Rangers train on new C-19 rifles outside Iqaluit

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Fourteen of Iqaluit’s Canadian Rangers gathered just outside of town Monday to train on their new, long-awaited rifles.

Training took place all week, June 14 to 20.

Patrol Sgt. Kevin Kullualik of the Iqaluit Rangers trains on the new C-19 rifle, which replaces the old Lee Enfields in service since the 1940s.
Michele LeTourneau/NNSL photo

“We’re just getting the feel of it, now. They’re a lot better than the .303. They’re shorter. They’re lighter. And better sights,” said Patrol Sgt. Kevin Kullualik.

The C-19 rifle is based on the Tikka T3 and replaces the .303 Lee-Enfield Mark 4, in service in the North since 1947.

The smaller weapon is salt-water tested, cold-weather tested, has a better punch power, and fires longer bullets.

The conventional military weapon is a gas-operated semi-automatic, which is not ideal for the Arctic.

The C-19 rifle and the accompanying kit have been delivered to Iqaluit Rangers. The roll-out across the North will continue until 2021.
Michele LeTourneau/NNSL photo

“In the Arctic you want to use a bolt-action weapon that has minimal moving parts,” said Canadian Forces Master Warrant Officer Ryan Mitchell.

“It will perform in an austere environment when it’s -50, -70.”

The bullet is a .308 and will be produced for many years. They can also be bought directly by Rangers. Finally, the trigger guard is larger and can accommodate heavy gloves.

Sgt. Louis Robichaud says the weapon has “good longevity.”

Parts are readily available for repairs, unlike the old Enfield.

Robichaud says 1 Canadian Rangers Patrol Group was overdue to receive these new rifles.

“Now that the rifle’s getting issued, they’re happy. They’re enjoying having some new equipment and trying it out,” he said.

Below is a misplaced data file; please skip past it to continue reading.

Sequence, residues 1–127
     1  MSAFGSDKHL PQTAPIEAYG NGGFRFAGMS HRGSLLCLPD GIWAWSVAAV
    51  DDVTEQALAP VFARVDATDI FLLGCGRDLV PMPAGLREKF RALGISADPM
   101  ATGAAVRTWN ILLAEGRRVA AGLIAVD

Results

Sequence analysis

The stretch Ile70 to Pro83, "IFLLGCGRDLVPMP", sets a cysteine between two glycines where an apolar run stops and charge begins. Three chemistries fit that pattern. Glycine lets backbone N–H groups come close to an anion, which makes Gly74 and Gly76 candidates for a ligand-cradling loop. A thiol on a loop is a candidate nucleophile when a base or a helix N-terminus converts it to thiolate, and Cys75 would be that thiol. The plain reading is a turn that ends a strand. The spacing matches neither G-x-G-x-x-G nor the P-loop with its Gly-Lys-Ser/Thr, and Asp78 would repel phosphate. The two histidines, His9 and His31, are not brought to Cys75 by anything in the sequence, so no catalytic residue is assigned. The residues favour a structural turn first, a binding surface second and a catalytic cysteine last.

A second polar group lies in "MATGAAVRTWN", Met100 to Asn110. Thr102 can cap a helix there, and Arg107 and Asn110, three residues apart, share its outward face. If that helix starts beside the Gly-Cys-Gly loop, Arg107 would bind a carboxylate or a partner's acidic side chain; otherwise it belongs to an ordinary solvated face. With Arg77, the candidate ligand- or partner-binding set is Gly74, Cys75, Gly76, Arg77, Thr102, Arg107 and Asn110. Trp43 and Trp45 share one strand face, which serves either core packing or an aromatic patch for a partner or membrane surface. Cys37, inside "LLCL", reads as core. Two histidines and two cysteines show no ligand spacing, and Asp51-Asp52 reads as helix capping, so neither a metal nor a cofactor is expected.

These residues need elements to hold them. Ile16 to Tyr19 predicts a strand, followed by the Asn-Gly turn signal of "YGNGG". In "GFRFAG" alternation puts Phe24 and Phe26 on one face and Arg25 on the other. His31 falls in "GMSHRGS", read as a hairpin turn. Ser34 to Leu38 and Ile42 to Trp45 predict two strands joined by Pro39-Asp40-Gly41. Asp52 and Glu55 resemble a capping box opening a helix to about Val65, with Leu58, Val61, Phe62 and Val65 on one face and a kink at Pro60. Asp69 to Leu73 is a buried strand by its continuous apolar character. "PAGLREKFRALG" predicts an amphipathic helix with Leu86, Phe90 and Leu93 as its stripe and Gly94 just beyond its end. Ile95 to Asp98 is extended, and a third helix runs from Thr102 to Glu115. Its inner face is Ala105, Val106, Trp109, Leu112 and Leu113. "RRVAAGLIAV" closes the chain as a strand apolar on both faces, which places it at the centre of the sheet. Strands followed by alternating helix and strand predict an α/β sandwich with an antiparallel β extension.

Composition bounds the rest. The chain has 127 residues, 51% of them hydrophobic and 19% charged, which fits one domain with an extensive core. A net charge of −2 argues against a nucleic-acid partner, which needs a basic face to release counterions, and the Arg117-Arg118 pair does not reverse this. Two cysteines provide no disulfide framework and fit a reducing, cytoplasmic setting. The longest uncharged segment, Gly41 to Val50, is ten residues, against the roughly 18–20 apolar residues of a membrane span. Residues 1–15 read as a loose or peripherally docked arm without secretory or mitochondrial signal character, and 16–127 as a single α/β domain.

The Rangers will have opportunities to comment over the next year or two on how the C-19 performs.

For now, Kullualik says they seem like an awesome rifle, and appear to be easier to take care of.

“We’re training on that, how to clean them, how to maintain the rifle,” he said.

About the Lee Enfields, Kullualik says since the 1940s they’ve been passed on from Ranger to Ranger.

One of the Rangers’ responsibilities is to look out for Canadian military personnel on Northern exercises, which includes watching out for predators.

Iqaluit Rangers Paul Nuyalia, left, and Dinos Tikivik, along with their fellow Rangers, were on lunch break when press arrived June 17 to learn all about the C-19 rifles replacing the old Lee Enfield in use since the 1940s.
Michele LeTourneau/NNSL photo
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Michele LeTourneau first arrived at NNSL's headquarters in Yellowknife in1998, with a BA honours in Theatre. For four years she documented the arts across the Northwest Territories and Nunavut. Following a very short stint as a communications officer with the Government of the Northwest Territories, Michele spent a decade at a community-based environmental monitoring board in the mining industry, where she worked with Inuit, Chipewyan, Tlicho, Yellowknives Dene and Metis elders to help develop traditional knowledge and Inuit Qaujimajatuqangit contributions for monitoring and management plans. She rejoined NNSL and moved to Iqaluit in May 2014 to write for Nunavut News. Michele has received a dozen awards for her work with NNSL.